"Joan of Shark," a massive, 16-foot-long great white shark that resides off the coast of Australia, has forced the country's popular Ellen Cove Beach to close, due to the predator's regular visits.
According to The Telegraph U.K.
, Joan seems to have been attracted to a distressed humpback whale that beached and later died. Even after its removal, however, the great white stuck close to shore.
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"Obviously, with that whale incident and because of the distress signals that it would have sent out, it would have attracted sharks and they will probably frequent the beach for the next few days," Martin Kleeman, a spokesman for the state department of fisheries, said.
Scientists knew of Joan's arrival because of their tagging efforts — the result of seven separate and fatal shark attacks off the coast of Western Australia over the past four years.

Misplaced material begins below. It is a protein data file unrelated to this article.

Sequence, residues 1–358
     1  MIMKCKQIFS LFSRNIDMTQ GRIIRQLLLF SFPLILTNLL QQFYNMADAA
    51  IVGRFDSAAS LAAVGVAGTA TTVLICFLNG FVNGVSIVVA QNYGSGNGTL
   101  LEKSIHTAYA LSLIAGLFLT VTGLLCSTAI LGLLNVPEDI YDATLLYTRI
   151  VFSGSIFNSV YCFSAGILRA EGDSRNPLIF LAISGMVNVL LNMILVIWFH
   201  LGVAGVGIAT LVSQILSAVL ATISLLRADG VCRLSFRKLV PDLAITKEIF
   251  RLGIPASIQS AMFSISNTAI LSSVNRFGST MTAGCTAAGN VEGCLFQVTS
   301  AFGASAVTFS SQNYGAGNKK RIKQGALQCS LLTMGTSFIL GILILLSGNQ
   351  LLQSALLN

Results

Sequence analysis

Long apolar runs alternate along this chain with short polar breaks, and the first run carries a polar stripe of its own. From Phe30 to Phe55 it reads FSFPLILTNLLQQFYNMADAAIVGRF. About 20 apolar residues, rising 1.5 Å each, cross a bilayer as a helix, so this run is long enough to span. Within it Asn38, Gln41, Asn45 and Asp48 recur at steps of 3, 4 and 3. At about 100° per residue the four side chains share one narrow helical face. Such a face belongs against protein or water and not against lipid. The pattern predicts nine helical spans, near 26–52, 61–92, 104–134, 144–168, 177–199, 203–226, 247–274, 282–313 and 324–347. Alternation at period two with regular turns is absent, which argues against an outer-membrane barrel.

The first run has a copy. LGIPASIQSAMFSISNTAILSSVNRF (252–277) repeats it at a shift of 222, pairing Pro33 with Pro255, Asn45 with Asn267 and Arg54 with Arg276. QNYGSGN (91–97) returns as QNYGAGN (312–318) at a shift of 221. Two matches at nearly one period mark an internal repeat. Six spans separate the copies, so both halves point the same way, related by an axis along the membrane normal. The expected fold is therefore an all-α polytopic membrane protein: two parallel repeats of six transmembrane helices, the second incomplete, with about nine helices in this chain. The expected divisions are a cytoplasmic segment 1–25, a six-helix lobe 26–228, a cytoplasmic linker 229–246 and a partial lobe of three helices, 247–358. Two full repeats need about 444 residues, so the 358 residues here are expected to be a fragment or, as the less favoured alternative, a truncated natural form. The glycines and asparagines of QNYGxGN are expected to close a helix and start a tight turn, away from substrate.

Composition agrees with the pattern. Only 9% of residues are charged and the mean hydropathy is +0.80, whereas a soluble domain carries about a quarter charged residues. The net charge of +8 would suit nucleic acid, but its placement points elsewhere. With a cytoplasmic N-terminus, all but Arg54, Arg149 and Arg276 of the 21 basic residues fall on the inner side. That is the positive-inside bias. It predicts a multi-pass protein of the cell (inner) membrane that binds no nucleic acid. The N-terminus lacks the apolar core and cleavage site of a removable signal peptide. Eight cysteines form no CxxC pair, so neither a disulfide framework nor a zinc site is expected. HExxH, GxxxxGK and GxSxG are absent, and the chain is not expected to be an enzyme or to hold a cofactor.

Three weeks ago, they fired an electronic device into the shark's flesh.
Because Joan stuck around, however, researchers decided to upgrade the transmitter, which required a temporary capture. The team motored out to sea and used ropes to capture the 1.6 ton, 30-year-old shark by hand. Photos the temporary capture spread on social media websites, fascinating users around the world. Kleeman said it was "potentially a world first" for a shark of that size.
Using the ropes to tip the shark on its back, he explained, puts it in a temporary sleep known as "tonic immobility," allowing the team to spend a bit more time fitting a more sophisticated electronic tag into its stomach.
The new tag communicates with more than 300 monitors installed on the sea floor and via satellite. Two weeks after installing the tags, authorities learned of Joan's approach in time for them to evacuate the beach and make announcements to the larger community through social media.
"For the next 10 years, we'll be able to keep a track of her movements, which is going to open up a whole new world," Kleeman said. "We'll have a better understanding of the large-scale movements of white sharks."
Best of all, the new tagging solution and advance approach warnings seem to have temporarily halted a debate about culling the shark populations for fear of more human deaths.
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